An international anonymous photo-sharing site where people post explicit photos without consent is playing host to the victimization of countless women. In the Canadian section of Anon-IB alone, there are currently over a hundred threads—often organized by region, city, or calling out for nudes of a specific woman to be posted publicly.
"Hamilton hoes," "Nanaimo Thread!," and "Markham wins" are some titles of Canadian threads. (Language used on the site equates the word "win" with sexually explicit photos of women.)
Many major Canadian cities are represented on the site, and some threads even focus on women from specific schools.
While it's a crime to share an "intimate image" of a person without their consent in Canada, sites that host this kind of activity don't necessarily fall under this.
"[In terms of organizing content], is it criminal? No. Is it illegal? No," Toronto-based lawyer Jordan Donich, of Donich Law, told VICE. "It's a newer version of an older problem—sites like these have been around for a long time."
Anon-IB is not a new site; its current domain was registered to a "private person" in 2015 and ends in an ".ru." However, the site was initially up several years before 2015, going offline briefly in 2014.
"The people who organize these communities set up hubs in other jurisdictions, so Canadian law isn't even applicable or enforceable a lot of times," Donich said. Charges against those posting women's images without consent on the site are also unlikely because posts are anonymous.
The way the community on Anon-IB operates is reminiscent of how child pornography is distributed: Members of an online community share or trade images with one another. With Anon-IB, though, it's not on the dark web as child porn rings often are, but rather is just a regular website anyone with basic internet literacy could maneuver.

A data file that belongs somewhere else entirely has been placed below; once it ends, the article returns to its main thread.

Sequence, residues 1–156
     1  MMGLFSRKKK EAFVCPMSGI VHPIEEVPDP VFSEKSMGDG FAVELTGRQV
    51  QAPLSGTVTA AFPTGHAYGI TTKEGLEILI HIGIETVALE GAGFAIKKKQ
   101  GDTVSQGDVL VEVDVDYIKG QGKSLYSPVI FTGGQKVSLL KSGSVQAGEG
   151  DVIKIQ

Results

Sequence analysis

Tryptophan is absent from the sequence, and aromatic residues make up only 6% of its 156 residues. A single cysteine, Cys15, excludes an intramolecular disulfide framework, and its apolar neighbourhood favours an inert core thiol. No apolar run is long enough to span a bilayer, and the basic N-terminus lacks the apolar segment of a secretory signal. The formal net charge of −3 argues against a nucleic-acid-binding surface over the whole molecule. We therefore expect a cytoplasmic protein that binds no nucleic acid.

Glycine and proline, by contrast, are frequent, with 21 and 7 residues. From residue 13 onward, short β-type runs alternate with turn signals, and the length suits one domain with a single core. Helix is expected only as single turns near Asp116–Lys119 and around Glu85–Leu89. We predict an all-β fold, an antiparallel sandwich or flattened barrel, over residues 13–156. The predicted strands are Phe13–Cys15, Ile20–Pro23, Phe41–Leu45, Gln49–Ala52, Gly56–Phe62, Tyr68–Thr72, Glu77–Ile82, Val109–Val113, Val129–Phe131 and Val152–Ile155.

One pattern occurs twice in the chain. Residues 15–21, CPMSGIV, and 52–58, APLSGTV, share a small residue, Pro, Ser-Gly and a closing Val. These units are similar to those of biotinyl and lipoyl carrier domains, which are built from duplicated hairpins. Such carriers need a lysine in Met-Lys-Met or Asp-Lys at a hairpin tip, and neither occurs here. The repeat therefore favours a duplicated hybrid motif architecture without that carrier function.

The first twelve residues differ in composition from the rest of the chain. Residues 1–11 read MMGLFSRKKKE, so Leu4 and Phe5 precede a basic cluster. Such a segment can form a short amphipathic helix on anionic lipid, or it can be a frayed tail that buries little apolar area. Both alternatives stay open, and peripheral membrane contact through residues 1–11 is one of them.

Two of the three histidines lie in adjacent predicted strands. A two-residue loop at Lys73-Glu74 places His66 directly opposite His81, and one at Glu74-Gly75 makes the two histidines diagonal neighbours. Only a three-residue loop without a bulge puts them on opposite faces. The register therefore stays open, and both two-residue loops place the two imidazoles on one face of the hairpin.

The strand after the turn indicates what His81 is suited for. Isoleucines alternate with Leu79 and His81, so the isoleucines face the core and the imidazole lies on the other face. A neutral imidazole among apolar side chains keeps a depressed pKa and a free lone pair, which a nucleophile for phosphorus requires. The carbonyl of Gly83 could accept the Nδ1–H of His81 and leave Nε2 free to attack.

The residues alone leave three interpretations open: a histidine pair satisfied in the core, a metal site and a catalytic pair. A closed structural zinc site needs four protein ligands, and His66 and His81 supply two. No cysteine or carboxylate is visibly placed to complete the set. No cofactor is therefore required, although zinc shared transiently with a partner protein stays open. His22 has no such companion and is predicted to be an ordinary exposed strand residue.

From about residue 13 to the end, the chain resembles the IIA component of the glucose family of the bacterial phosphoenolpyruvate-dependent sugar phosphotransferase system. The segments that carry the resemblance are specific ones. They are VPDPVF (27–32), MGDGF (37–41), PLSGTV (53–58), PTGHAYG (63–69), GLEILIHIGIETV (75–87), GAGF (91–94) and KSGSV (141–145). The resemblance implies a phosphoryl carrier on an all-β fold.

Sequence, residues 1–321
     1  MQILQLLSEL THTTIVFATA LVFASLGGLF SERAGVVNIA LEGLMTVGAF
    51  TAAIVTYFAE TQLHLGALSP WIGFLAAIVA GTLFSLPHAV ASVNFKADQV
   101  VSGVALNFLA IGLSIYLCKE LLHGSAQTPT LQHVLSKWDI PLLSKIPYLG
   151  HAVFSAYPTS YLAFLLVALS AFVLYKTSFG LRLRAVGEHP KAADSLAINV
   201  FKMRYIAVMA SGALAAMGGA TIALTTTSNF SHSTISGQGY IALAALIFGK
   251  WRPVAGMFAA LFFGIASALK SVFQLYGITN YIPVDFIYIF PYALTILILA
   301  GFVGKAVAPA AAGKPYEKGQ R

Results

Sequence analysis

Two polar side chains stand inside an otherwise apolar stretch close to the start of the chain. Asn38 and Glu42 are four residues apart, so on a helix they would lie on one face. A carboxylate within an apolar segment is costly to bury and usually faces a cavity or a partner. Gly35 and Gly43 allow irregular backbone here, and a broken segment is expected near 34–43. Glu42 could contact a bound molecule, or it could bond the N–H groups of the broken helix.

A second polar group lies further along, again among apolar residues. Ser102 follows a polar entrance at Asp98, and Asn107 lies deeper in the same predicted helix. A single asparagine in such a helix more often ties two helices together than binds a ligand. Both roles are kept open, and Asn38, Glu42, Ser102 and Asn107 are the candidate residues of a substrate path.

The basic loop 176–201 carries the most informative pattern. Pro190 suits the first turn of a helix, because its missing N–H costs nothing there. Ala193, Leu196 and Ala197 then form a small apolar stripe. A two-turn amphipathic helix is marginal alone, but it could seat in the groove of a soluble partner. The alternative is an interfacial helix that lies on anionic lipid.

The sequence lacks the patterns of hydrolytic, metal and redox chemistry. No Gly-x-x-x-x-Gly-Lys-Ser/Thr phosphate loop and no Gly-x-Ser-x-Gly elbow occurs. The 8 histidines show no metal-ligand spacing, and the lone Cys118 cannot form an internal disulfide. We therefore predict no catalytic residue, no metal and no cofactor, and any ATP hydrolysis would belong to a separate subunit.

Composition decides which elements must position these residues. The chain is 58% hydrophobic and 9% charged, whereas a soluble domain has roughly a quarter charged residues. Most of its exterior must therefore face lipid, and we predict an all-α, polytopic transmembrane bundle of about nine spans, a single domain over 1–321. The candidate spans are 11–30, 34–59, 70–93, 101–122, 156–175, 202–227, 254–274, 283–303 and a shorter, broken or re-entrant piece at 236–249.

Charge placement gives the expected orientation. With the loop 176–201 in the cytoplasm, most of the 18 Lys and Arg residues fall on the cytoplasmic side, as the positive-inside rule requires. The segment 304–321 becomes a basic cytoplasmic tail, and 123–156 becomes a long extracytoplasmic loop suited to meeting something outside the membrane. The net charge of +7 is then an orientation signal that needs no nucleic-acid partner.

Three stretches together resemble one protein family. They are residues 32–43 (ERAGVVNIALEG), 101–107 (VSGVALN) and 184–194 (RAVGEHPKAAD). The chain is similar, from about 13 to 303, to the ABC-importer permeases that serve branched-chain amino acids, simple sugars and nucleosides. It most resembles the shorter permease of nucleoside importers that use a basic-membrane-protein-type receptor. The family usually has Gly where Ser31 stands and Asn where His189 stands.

"Anyone have any of paige?… Trades are possible. Have a wide selection of southern ontario," a recent post on the site with a photo of a woman appearing to have been taken from a social media profile reads.
"Any pics of girls who went to Vaughan Secondary School?" a post on the site from June reads.
An Ontario woman named Roxanne told The Canadian Press that she found explicit photos of herself on the site in 2013 and has taken to notifying other women victimized on Anon-IB.
She initially filled out a form requesting her photos were taken down on the site, which she didn't receive a response to. She notified York Regional Police a month after finding her photos on the site; no charges have been laid to date. But after Anon-IB reemerged following an offline period in 2014, her photos weren't there anymore.
Several other authorities in Canada are aware of Anon-IB via complaints or investigations, including RCMP in Antigonish, Nova Scotia and police in Peterborough, Ontario and Hamilton, Ontario, CP reports.
"My coping mechanism was to go back on the website, find as many girls as I could, tip them off and go to bed," Roxanne said.
"Part of me felt like a little bit of a creep doing this… But if I can track them down this easily, somebody with a worse motive can too."
Because of how users on Anon-IB organize threads based on location or school and post women's real names, finding them on social media is possible. Though the site's rules don't allow full names to be posted, some users do it anyway or try to circumvent this by saying what the woman's last name rhymes with.
Threads on the site can be very specific, such as one that is seeking photos of topless women at the BC-based music festival Shambhala or a nude beach in Vancouver, the latter of which has a no-photo policy.
"Even if you are normally iffy about posting, remember, girls nude outdoors at festivals and beaches have no expectation of privacy," a post from July 29 reads. "Dump those pics, it's good karma to share bruddah!"
There's even a thread on the site looking for photos from CanadaCreep before its shutdown.
"I hate to say it, but the only solution at this point in time is to not have the material created to begin with," Donich said in regards to private photos being shared.
"I know that's probably not what people want to hear… But be prepared you're exposing yourself to these risks."
As for "voyeuristic" images, Donich said images like these have to be proven to be used for a sexual purpose in order to fall under the law.
Women who've had photos of themselves non-consensually posted on the site should report incidents to police even though charges are unlikely.
"As the world is becoming less private through the use of essentially the smartphone, these offenses are continuing to rise," Donich said. "This is not going to go away."